Randy Tinker Smith already had the storyline and the musical score for the ballet, but she had not chosen a choreographer because of budget constraints.

“The truth is I didn’t have money to pay the person who was supposed to choreograph it,” she confided.

Randy Smith met with dozens of Osage elders to ask permission to tell our story and then find out what I was allowed to use.

“Over the course of that year, I would relate to Jenna everything that I was learning from these particular elders and began weaving the final storyline together. Jenna’s plans were to stay involved in classical ballet at the time and she did not have time to help me with the Osage Ballet. But she couldn’t help but begin to picture the stories I was telling her and seeing them in a ballet. We are happy that even if it was by accident, we ended up having an Osage choreographer,” Randy Smith explained.

Audiences have embraced their efforts, and Wahzhazhe: an Osage Ballet, has been performed most notably at: the Tulsa Performing Arts Center, the Smithsonian’s National Museum of the American Indian in Washington, D.C., the Lensic Theatre in Santa Fe, N.M., the International Festival of Families in Philadelphia, Pa., and the Leach Theatre in Rolla, Mo.

Wahzhazhe is the actual name of the Osage people, which was mispronounced by Europeans when they saw the French spelling of a “W” which is “Ou”.

Wahzhazhe: an Osage Ballet, traces the history of the Osage people, beginning at a time before they encountered Spanish, French and other European explorers.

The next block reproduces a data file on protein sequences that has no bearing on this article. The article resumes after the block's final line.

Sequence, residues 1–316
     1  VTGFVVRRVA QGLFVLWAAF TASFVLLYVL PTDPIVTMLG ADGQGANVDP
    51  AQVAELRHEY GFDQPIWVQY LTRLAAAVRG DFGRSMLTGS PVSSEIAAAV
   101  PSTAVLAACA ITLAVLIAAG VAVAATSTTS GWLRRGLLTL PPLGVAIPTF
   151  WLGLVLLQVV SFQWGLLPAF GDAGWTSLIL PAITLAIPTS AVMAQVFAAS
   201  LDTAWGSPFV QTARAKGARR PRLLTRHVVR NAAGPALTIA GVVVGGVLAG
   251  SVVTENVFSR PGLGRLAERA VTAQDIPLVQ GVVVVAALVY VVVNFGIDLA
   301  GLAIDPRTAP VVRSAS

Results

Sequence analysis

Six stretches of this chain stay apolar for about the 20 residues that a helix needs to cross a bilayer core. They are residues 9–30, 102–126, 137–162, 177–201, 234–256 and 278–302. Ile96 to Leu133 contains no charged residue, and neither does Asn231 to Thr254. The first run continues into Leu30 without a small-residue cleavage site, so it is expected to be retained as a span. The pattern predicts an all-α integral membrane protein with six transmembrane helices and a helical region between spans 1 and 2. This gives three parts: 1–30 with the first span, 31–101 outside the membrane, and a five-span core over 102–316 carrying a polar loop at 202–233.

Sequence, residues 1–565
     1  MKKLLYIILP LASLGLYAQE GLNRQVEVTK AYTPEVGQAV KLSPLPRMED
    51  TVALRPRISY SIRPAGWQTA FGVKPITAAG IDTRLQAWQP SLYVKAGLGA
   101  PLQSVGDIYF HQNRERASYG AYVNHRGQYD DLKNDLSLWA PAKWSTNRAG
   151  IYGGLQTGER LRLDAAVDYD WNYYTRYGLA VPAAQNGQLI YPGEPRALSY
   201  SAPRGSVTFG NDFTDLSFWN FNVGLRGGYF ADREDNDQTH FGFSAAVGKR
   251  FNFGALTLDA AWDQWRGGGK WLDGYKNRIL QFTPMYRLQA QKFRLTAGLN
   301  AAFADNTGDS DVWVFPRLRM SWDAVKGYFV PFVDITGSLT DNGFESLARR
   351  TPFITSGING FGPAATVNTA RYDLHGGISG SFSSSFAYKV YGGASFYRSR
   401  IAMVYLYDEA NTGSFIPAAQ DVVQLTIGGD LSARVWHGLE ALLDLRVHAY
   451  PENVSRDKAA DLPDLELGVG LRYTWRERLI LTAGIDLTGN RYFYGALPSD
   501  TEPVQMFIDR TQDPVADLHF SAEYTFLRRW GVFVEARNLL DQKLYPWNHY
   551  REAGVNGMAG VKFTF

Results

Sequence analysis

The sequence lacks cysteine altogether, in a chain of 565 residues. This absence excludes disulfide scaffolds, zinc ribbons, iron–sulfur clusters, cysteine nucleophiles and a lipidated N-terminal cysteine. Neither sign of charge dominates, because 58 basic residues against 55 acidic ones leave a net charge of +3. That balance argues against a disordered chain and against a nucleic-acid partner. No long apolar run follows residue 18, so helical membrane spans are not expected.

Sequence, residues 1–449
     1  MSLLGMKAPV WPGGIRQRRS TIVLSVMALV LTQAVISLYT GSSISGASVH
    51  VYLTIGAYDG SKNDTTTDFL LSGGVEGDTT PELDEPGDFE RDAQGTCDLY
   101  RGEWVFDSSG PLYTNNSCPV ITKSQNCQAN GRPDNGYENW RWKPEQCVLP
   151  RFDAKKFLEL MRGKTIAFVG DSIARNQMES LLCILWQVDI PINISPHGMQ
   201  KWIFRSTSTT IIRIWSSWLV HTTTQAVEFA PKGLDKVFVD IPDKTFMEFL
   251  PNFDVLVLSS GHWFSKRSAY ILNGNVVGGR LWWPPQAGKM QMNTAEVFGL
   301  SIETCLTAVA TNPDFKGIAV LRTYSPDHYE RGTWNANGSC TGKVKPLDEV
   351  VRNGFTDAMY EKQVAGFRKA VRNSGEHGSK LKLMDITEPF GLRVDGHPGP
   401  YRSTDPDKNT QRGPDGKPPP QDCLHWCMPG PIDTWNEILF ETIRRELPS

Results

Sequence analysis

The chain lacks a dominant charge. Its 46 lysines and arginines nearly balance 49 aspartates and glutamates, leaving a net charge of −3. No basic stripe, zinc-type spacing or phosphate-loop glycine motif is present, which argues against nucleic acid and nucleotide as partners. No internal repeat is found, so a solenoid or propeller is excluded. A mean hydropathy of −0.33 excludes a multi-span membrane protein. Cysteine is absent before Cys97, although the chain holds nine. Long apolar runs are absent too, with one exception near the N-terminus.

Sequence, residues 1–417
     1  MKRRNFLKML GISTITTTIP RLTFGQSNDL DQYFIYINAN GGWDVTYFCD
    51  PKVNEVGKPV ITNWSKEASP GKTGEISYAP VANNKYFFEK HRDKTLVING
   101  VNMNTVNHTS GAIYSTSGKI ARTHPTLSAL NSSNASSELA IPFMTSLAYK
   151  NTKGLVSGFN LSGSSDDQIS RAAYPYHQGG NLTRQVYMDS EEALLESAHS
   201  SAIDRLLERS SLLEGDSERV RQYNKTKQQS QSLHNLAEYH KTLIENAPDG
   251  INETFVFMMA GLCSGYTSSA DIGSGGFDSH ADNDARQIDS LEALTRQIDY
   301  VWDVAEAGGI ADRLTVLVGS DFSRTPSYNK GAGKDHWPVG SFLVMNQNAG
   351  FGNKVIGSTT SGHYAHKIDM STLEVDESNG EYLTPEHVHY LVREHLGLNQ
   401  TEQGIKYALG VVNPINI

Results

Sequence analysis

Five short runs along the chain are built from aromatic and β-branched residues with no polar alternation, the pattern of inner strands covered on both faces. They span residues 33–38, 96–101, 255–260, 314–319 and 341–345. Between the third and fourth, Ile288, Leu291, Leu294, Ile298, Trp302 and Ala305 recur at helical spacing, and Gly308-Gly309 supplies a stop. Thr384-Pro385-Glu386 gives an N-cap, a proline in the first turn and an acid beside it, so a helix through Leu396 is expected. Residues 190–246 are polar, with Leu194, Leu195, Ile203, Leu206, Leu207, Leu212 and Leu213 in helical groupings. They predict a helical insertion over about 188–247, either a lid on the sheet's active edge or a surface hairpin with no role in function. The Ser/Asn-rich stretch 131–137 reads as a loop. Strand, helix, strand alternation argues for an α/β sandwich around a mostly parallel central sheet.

“The ballet depicts the Osage people as what some early diaries described as the happiest people in the world. Everything they did had order and everyone contributed in their daily living by way of a clan system,” Randy Smith said.

“When Europeans began to arrive, the Osage began trading with the French. But the Osage were in the way of economic drive of the Europeans to accumulate land, metal and fur. Treaties were made and broken as the Osages were moved westward numerous times until they finally bought their own reservation which is now Osage County.”

The ballet also features a “roaring 20’s scene” when after striking it rich as Osage Minerals Estate shareholders, the Osage people became the richest people on earth per capita.

“The local population swelled to the tens of thousands as people moved in to grab a part of the wealth. Greed ran rampant among the invasion as the Osages were once again pushed aside and murders were committed in an attempt to collect insurance money or to gain control of the valuable oil properties,” Randy Smith said.

“Osages honor our soldiers. An entire scene in the ballet is dedicated to these courageous warriors,” she added.

The ballet concludes with an Osage dressed in a business suit wearing moccasins. As he walks across the stage he hears an Osage drum and begins dancing in the traditional Osage style, to convey that today the Osage “walk in two worlds.”

Maria Tallchief became the first prima ballerina of the New York City Ballet (NYCB) in 1947, a title which she held for the next 13 years. In 1947 Tallchief also became the first American to dance with the Paris Opera Ballet.
Maria’s sister, Marjorie Tallchief, also left her mark in ballet history, becoming the first American to assume the role of principal dancer of the Paris Opera.